“Infamy! Infamy! They’ve all got it in for me!” squawks Julius Caesar (Kenneth Williams) in Carry On Cleo (1964), a low-budget lampoon of the $44 million epic Cleopatra, whose stars, Richard Burton and Elizabeth Taylor, had an infamous off-screen affair. The line might serve as an epigraph for the “unappreciated and remaindered efforts” of Roger Lewis, who describes himself in the jeremiad Seasonal Suicide Notes: My Life as It Is Lived (2009) as “criminally underpaid and under-employed, laughed at by editors…derided by the critics…betrayed by friends.”

The Roger Lewis persona is an amalgam of music hall tradition, pantomime, and Restoration bawdy. It is a niche joke about an irate dinosaur Welshman doing battle with the London literati, which may not translate for an American readership. Feeding off what Dr. Johnson called the “buzz” of the theater, the role Lewis assumes in all his books is Embattled Everyman. His petty grievances, aired in Seasonal Suicide Notes, are legion: despite his brash and boastful performance pieces—The Life and Death of Peter Sellers (1994), Anthony Burgess (2003), and The Real Life of Laurence Olivier (2007)—Lewis has been turned down four times as a fellow of the Royal Society of Literature. “So there we are: I am officially the least recognised and most non-esteemed author in Britain, perhaps in Britain’s literary history going back to Chaucer and to The Mabinogion.”

Lewis is skeptical about cradle-to-grave biography, which turns “art (and artists) into mere formulaic exposition, a list of goings-on in daily life; statements; calculation; specification.” He dislikes the genre’s focus on facts, which lends biographers, he believes, a sense of superiority over their subject. Reading Hermione Lee, Lewis has said, is “as much fun as swimming upstream in mud”; John Carey’s life of William Golding is “as suffocating as a tombstone.” His complaints recall those of Lytton Strachey, whose satirical masterpiece Eminent Victorians was itself an attack on biographical dreariness. “Those two fat volumes,” Strachey writes,

with which it is our custom to commemorate the dead—who does not know them, with their ill-digested masses of material, their slipshod style, their tone of tedious panegyric, their lamentable lack of selection, of detachment, of design? They are as familiar as the cortege of the undertaker, and wear the same air of slow, funereal barbarism.

Virginia Woolf said that biography should combine the “granite-like solidity” of fact with the “rainbow-like intangibility” of imagination. Lewis’s Erotic Vagrancy, less a biography of Burton and Taylor than a portrait of his obsession with them, might be called over the rainbow. Pursuing his own infamy, Lewis begins at full throttle with a denunciation of the scholarly work of “lady academics” and “frightening feminists.” His first drafts, he says, were “too conventionally structured, too obvious. Nothing bloomed.” So he went back to “the spontaneity” of his notebooks, “where a scrawled rapture was to be found” in his reactions to Burton’s and Taylor’s films. A scrawled rapture is a better description of Erotic Vagrancy than his various terms for the art of biography, such as “hyper-reality,” “bricolage,” or “holography”: “The principal forms are there, Burton and Taylor, Taylor and Burton; they may even be three-dimensional, possessing perspective and becoming capable of movement. But they are zigzags of light, impossible to grasp.”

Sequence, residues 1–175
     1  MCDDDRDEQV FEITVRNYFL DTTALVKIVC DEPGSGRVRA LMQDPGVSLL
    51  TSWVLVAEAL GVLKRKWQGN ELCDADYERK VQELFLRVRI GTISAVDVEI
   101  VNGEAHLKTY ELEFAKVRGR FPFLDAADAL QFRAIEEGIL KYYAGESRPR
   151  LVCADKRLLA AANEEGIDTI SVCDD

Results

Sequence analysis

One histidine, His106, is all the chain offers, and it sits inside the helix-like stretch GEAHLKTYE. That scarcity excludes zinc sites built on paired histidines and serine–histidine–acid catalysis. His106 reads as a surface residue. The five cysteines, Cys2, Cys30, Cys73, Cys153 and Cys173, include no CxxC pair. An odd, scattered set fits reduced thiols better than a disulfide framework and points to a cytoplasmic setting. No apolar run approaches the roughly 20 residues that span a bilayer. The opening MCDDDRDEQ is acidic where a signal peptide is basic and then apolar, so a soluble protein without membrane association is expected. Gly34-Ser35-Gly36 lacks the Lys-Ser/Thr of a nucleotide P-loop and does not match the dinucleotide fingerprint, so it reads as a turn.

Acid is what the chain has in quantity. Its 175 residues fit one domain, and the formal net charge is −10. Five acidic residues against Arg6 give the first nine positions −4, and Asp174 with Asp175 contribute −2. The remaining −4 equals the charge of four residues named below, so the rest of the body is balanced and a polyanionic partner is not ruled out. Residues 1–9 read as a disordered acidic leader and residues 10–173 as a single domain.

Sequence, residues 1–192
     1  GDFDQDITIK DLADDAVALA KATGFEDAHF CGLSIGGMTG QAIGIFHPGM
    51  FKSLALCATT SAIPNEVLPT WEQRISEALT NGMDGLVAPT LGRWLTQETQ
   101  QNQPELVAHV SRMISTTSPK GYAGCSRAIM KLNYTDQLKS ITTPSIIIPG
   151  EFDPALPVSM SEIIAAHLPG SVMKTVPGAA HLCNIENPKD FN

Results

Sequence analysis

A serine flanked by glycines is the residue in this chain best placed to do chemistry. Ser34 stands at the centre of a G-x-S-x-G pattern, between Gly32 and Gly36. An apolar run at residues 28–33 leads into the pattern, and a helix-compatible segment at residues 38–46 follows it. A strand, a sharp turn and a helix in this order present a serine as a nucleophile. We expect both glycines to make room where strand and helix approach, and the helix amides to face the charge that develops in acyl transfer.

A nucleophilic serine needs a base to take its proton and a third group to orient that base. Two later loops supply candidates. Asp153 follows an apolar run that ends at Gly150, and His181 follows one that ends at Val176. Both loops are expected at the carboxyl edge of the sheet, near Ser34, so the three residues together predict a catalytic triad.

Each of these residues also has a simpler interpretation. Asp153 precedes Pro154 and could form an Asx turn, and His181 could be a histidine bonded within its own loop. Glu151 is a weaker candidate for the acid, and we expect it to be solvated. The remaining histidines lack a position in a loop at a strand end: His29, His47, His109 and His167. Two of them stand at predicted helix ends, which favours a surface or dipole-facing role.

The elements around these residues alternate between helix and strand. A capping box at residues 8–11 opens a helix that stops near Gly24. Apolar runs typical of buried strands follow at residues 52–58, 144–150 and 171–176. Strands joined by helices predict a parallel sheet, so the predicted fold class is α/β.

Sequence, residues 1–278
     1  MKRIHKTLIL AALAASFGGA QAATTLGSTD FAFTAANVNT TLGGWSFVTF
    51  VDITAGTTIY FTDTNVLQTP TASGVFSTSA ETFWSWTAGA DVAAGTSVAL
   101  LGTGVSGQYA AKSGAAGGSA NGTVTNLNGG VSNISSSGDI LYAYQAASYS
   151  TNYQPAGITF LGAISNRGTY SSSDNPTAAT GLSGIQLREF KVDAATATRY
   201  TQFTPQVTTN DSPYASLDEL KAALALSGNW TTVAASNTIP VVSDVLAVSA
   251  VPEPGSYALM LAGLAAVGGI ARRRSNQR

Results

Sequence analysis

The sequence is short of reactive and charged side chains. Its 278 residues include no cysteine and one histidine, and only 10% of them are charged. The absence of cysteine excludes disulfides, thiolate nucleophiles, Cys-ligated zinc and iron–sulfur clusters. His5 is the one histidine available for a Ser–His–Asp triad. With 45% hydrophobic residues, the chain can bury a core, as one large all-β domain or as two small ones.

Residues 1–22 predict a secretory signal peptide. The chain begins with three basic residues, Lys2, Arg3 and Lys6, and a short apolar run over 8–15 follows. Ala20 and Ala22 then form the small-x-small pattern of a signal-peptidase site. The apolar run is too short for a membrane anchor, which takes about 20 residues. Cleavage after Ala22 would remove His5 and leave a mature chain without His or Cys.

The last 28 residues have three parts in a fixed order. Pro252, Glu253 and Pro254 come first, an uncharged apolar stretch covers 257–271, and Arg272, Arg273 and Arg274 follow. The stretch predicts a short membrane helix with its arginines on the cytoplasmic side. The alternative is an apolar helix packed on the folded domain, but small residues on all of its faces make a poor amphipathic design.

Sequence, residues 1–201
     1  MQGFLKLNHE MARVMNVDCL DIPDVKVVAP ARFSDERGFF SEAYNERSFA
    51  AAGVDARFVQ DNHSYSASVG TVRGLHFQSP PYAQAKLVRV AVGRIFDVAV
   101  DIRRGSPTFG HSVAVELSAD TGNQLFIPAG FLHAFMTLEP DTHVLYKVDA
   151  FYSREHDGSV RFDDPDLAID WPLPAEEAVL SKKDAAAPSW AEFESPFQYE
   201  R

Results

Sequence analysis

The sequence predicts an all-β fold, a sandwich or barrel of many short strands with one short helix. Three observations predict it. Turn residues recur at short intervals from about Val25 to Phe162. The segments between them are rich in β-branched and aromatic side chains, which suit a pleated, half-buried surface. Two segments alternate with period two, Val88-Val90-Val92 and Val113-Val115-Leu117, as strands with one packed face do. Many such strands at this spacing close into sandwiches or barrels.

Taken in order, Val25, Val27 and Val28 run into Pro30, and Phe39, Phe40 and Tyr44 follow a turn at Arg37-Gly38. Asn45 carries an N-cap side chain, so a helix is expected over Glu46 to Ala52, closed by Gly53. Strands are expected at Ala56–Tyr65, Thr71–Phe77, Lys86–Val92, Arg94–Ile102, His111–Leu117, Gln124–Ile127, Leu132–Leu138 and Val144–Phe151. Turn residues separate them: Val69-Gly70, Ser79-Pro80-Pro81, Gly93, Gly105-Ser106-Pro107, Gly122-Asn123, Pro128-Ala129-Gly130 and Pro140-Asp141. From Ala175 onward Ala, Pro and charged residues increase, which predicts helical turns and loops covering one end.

Built on rage, rhapsody, and opinionation, without shape or chronology, Erotic Vagrancy is about the strangeness of stardom (“stardom is extraterrestrial”), and Lewis is the star of the show. “What I have produced—and I have spent many years gathering my material and boiling it down, reducing it like a lobster sauce—is more in the way of a novel of manners.” There is no boiling down evident in these pages—the opposite in fact. The book is boiling over; instead of working toward the smooth consistency of a bisque, he keeps throwing in more lobster shells. Despite his aversion to granite, Lewis corrects the facts that other Burton and Taylor biographers have gotten wrong and loads us down with more. Turn to page 603 and discover that two hundred handbags, thirty pairs of cowboy boots, and hot pants embroidered with daisies were auctioned at Christie’s Rockefeller Center headquarters between December 13 and 16, 2011, while Taylor’s bound copy of the 1944 script for National Velvet, estimated at $2,000–$3,000, went for $170,500.

The book is divided into five parts, with diversionary footnotes, plus a prologue and epilogue that say much the same thing. Its broad thesis is that Burton and Taylor were “sheer fantasy figures”—to each other as well as to us—rather than inhabitants of the real world. Lewis finds little divide between the screen stars and the private figures; the films they costarred in—Cleopatra (1963), The V.I.P.s (1963), The Sandpiper (1965), Who’s Afraid of Virginia Woolf? (1966), The Taming of the Shrew (1967), Doctor Faustus (1967), The Comedians (1967), Boom! (1968), Under Milk Wood (1972), Hammersmith Is Out (1972), and Divorce His, Divorce Hers (1973)did not so much parallel as replace their lives. One year before Burton’s death in 1984, the couple gave their myth a final outing in the Broadway production of Noël Coward’s Private Lives, a comedy about a divorced couple honeymooning with their new spouses who find themselves in adjacent hotel rooms.